In a Mumbai hotel in December 2016 with a smiling face and an emotionless appearance, Sania Mirza stated about how there should be no leader in a strong doubles partnership. It was only a few months after the famed ‘Santina’ combo of Martina Hingis, and Mirza split up. However, with Hingis’ seniority, Indians competed on equal grounds.
It is a remark that has characterized Mirza’s journey in many ways. She is the pioneer who paved the way to the pinnacle of her sport for future generations of Indian women. She occupied her tennis in positive, hard-hitting, and unconcerned ways. But, at 35, she has decided that the ending of this season will be the end of her professional career. So Mirza announced after losing the first round of the Australian Open on January 9, 2022.
Over the years, she has experienced injuries, frequently necessitating surgery, yet Mirza refused to go away. She’d give it a break, return to the net, and gradually work her way up the ranks. Instead, she took a break from the game in 2017, recovering an injury and then resuming to the tour in 2020 immediately after delivery, winning her first tournament back in Hobart.
She managed to get back to the 68th position worldwide, but she’ll play for her passion instead of the money. Nevertheless, her profession has been recognized for everything she has accomplished.
The first Indian woman and third from the nation to hold the World No. 1 double ranking, 43-time tour winner, the one and only Indian woman to make it to the top 30 in singles, a two-time Asian Games gold medalist, and a six-time Grand Slam champion, are the statistics that stand out among Mirza’s accomplishments. Still, even as a youngster, it was clear that she was destined for excellence.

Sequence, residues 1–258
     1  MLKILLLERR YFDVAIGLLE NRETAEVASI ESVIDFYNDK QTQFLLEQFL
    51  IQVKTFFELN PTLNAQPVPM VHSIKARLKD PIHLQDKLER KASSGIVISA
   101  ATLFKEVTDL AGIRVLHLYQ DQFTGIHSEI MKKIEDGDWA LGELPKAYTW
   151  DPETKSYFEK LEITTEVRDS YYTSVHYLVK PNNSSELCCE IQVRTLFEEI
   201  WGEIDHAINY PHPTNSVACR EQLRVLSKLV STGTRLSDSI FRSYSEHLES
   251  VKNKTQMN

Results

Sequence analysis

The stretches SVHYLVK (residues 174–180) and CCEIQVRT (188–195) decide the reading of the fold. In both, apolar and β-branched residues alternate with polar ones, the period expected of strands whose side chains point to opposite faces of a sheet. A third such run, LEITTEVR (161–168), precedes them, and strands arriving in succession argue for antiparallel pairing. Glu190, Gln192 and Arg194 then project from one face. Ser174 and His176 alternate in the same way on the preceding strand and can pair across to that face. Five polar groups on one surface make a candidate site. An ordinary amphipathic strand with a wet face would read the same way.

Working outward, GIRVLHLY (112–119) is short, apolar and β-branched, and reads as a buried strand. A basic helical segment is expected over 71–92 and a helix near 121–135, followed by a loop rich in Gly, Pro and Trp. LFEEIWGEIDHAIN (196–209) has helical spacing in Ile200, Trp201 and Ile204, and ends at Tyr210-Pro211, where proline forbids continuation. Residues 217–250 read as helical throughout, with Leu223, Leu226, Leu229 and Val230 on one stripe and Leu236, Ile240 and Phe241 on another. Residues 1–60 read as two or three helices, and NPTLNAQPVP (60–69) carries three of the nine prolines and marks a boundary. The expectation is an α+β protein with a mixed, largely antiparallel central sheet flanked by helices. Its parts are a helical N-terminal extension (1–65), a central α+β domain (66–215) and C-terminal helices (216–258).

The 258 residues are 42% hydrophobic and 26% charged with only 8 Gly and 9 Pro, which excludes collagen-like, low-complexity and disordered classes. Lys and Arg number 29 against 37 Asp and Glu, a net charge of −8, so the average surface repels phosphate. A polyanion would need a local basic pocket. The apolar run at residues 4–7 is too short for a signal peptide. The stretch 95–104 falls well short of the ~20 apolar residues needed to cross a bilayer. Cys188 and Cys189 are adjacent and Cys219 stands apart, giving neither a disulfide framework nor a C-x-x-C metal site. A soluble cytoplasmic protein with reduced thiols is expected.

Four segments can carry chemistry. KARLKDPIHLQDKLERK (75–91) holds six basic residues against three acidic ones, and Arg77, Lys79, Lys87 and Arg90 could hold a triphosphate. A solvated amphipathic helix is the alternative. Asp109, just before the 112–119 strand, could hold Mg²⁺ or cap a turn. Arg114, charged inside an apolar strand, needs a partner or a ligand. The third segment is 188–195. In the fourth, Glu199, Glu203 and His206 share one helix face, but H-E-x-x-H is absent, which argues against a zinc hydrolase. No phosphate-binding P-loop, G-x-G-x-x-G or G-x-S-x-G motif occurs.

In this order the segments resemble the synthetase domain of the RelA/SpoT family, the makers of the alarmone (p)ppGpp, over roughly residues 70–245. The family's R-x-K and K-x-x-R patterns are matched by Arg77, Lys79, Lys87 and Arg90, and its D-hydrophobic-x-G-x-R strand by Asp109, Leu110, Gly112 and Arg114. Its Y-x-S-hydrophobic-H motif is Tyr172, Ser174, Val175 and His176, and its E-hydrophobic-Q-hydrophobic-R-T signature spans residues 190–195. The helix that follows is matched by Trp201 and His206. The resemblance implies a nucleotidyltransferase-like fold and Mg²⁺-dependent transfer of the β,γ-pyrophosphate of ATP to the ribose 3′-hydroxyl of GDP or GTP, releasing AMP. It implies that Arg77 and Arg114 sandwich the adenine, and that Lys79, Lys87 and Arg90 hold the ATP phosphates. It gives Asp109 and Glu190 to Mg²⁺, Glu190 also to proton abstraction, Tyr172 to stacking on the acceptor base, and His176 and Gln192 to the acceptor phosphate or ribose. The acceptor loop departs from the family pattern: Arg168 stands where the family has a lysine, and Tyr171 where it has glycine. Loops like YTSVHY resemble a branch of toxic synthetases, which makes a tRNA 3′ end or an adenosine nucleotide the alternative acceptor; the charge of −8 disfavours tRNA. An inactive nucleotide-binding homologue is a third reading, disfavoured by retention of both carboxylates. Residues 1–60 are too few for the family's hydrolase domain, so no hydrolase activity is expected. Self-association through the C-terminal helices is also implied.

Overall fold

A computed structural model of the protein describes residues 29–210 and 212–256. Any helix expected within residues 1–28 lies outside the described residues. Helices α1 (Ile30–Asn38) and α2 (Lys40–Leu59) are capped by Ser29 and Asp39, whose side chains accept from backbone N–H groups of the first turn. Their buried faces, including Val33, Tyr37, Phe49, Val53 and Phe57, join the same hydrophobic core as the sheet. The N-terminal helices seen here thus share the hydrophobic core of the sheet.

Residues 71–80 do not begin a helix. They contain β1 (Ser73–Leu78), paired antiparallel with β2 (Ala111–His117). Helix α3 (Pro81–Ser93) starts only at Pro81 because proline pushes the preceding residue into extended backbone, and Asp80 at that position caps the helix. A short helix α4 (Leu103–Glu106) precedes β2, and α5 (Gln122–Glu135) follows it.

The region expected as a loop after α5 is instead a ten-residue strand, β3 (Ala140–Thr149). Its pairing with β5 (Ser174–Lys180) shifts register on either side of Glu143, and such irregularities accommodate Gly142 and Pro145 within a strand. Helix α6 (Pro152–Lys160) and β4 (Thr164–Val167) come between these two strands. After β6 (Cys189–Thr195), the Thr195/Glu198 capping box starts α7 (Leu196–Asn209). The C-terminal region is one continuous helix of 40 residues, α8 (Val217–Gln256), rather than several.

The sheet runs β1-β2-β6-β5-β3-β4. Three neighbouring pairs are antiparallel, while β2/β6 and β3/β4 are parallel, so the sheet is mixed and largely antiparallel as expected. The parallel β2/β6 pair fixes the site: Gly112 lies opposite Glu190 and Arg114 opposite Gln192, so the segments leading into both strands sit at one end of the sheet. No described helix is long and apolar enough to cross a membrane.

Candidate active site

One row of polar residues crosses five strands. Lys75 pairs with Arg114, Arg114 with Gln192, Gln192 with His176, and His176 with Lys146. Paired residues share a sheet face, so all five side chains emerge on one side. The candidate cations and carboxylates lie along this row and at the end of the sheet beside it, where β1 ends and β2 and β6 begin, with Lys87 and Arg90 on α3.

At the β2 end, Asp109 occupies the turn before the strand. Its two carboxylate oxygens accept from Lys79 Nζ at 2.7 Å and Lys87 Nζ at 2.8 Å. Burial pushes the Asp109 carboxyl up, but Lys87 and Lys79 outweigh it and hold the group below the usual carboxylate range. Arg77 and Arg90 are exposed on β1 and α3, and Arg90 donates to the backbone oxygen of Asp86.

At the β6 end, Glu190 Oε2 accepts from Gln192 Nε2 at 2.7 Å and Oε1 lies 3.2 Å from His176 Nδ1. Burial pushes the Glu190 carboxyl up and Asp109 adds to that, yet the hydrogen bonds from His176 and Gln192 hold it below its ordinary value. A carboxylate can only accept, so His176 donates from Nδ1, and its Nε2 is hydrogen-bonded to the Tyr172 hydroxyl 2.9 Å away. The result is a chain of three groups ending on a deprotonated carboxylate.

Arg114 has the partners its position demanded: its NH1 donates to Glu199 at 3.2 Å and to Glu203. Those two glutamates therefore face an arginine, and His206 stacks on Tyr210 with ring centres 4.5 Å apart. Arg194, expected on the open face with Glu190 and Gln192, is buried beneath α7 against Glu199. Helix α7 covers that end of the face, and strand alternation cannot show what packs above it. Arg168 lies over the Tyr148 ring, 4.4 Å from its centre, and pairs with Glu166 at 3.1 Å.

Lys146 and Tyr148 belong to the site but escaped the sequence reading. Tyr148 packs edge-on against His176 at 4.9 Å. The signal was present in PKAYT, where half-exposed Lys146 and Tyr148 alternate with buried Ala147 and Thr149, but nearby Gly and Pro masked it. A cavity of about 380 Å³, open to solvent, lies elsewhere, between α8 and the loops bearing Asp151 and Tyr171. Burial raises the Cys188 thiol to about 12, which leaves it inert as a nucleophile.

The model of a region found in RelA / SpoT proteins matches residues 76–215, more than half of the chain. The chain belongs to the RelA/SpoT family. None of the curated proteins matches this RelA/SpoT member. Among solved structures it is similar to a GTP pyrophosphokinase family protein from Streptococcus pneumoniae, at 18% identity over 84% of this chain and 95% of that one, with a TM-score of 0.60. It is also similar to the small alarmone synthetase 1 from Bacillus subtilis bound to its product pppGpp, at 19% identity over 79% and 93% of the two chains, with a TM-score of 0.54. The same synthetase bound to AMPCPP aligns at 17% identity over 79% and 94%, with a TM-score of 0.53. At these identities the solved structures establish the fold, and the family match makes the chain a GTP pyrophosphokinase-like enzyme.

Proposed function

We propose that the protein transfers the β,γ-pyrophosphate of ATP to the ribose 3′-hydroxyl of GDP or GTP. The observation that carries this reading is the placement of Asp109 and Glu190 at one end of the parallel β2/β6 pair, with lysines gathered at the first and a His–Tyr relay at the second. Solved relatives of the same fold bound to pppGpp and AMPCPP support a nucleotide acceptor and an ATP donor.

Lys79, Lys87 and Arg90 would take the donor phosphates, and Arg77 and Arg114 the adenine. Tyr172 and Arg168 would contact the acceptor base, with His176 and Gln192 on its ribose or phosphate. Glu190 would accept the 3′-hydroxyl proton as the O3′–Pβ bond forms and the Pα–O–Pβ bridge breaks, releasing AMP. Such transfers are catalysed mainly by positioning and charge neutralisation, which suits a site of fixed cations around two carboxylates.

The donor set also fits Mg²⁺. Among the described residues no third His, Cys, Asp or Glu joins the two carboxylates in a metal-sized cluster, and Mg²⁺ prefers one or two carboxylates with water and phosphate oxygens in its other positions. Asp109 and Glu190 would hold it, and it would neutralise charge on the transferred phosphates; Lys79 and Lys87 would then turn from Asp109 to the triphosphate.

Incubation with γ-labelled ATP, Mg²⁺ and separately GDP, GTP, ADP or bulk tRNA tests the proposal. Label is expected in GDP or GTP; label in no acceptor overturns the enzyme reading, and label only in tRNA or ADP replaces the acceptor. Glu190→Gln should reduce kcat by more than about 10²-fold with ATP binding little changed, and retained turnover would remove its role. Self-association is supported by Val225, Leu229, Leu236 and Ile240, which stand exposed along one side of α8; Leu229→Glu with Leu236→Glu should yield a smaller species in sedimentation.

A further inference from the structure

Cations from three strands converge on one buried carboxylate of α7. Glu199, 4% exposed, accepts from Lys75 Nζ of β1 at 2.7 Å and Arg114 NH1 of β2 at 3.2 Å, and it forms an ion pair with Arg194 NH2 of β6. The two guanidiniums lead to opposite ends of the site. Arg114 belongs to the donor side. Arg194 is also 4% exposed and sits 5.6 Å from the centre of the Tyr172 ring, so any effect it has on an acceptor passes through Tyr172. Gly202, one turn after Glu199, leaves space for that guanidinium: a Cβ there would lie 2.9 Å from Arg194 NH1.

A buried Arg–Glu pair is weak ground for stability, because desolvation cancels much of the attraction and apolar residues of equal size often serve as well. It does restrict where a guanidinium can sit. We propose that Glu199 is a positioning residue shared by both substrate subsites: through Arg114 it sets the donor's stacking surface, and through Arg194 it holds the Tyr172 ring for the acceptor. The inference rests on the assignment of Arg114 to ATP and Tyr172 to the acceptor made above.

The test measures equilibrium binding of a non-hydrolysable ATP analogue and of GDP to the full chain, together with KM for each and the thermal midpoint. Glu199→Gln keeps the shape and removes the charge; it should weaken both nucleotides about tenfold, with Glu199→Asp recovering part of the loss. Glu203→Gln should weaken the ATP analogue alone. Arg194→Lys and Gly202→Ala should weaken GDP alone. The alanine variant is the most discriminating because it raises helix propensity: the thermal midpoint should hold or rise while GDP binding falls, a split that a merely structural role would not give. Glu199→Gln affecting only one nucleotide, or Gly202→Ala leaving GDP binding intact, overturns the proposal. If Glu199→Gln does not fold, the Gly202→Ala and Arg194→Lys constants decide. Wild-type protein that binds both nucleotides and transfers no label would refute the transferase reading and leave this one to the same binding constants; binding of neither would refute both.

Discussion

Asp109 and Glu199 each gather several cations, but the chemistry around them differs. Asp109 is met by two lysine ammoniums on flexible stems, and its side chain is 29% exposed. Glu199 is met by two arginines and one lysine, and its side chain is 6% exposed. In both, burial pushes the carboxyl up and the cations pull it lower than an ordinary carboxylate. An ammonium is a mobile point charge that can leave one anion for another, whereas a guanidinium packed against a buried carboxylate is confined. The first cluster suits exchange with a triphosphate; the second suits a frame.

It’s an art never seen before from an Indian woman player. Mirza saw challenging problems and surpassed the greatest in the world, including Hingis (former singles No. 1), Svetlana Kuznetsova (previous No. 2) and Nadia Petrova (former No. 3) were among the names she defeated in 2006. She achieved her career record of No. 27 globally a year later.
She became the first Indian woman to win a tour title when she had won the WTA tournament in her hometown of Hyderabad in 2005. However, she was set to end the streak in the 2009 Australian Open.
She created the benchmark, but she didn’t have anyone else’s shoes to fill. There was no baseline to measure her progress with. There was no Indian woman who had conquered more than one round in singles at a Grand Slam Championship or had moved into the top 100. Nobody had ever won a tour championship. Mirza accomplished all of this before 20, but controversies like her achievements surrounded her. Some people were also outraged by her marriage to Pakistani cricketer Shoaib Malik. Yet, despite the chaos, she remained motivated to succeed.